THE FLYING DUTCHMAN.
'Twas on a stormy day, far southward of the Cape,
When from a high nor'wester we just made our escape;
Like an infant in its cradle, each breeze was hushed to sleep,
And peacefully we sailed along the bosom of the deep.
At length, the helmsman gave a shout of terror and of fear.
As if he just had gazed upon some sudden danger near;
We looked around the ocean, and just upon our lee.
We saw the Flying Dutchman come bounding through the sea.
"Take in your flowing canvass, lads! our watchful masters said.
To us and our ship's company great peril doth betide;
The billows cresting white with foam, all angry doth appear,
The wind springs up a hurricane--now Vanderdecken's near!"
He comes-the Flying Dutchman! comes o'er the lofty spray,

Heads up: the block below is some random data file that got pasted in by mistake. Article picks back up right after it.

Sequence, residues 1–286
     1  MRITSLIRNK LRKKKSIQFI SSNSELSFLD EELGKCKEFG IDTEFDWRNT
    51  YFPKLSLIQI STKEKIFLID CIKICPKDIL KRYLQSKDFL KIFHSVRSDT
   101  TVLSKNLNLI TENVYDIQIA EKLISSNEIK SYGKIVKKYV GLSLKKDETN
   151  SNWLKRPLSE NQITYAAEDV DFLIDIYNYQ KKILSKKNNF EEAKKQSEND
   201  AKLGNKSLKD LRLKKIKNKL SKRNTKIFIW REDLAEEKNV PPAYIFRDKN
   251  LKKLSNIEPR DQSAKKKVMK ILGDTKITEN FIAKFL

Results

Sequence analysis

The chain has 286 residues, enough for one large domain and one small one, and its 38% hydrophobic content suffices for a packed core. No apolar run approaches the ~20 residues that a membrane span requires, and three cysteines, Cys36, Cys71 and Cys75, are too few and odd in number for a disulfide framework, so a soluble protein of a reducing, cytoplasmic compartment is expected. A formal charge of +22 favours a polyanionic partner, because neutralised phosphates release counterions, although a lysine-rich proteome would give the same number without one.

Preceded by the tempest dire, he makes for Table Bay;
With bird-like speed he's borne before the wind and howling blast,
But ere he can cast anchor there, the bay, alas! is past.
He scuds along too rapidly, to mark the eagle's flight,
And, lightning like, the Dutchman's helm full soon is out of sight.
The crews of ships far distant now shudder at the breeze
That bears the Flying Dutchman in fury o'er the seas. I
Then mourn for Vandtrdecken, for terrible's his doom-
The ocean round the stormy Cape. It is his living tomb;
There the Dutchman beats about for ever, night and day,
And tries in vain his oath to keep by entering Table Bay.